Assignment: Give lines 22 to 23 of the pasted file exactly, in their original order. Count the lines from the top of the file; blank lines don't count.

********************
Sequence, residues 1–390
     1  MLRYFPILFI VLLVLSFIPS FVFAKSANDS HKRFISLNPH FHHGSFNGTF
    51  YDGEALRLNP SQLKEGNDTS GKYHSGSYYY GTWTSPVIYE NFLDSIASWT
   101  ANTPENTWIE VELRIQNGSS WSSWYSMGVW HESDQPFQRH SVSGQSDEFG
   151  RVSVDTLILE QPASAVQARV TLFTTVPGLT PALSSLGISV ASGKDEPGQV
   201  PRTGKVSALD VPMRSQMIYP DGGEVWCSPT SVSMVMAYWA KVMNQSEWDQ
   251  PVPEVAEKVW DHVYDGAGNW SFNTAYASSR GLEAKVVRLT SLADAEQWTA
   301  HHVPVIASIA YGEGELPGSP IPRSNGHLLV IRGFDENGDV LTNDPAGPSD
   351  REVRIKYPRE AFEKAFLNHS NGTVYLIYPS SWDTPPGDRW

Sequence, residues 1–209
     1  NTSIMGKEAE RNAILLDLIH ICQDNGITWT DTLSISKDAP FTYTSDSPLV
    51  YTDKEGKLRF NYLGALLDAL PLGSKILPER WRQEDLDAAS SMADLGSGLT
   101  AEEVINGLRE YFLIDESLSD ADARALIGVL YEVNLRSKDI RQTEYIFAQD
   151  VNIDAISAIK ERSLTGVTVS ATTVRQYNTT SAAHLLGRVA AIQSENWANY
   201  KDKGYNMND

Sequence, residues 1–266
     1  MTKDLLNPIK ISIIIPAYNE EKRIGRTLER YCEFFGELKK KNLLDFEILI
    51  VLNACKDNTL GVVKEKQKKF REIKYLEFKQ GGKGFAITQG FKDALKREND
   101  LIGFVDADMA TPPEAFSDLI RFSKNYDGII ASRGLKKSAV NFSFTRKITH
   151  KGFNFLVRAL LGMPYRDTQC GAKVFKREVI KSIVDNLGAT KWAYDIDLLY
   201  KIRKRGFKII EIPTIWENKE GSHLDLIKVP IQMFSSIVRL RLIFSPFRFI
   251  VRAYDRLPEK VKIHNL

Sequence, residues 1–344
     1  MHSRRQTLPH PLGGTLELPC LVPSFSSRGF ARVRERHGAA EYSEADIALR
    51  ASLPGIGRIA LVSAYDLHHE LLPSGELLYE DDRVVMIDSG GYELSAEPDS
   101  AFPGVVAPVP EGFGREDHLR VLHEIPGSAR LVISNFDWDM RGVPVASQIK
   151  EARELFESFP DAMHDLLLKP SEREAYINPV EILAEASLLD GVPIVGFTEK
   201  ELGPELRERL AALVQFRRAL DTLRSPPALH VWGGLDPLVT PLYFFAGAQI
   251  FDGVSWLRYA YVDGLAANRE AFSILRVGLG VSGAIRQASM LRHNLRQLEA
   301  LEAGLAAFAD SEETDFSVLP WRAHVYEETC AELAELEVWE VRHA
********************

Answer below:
   251  VRAYDRLPEK VKIHNL

Sequence, residues 1–344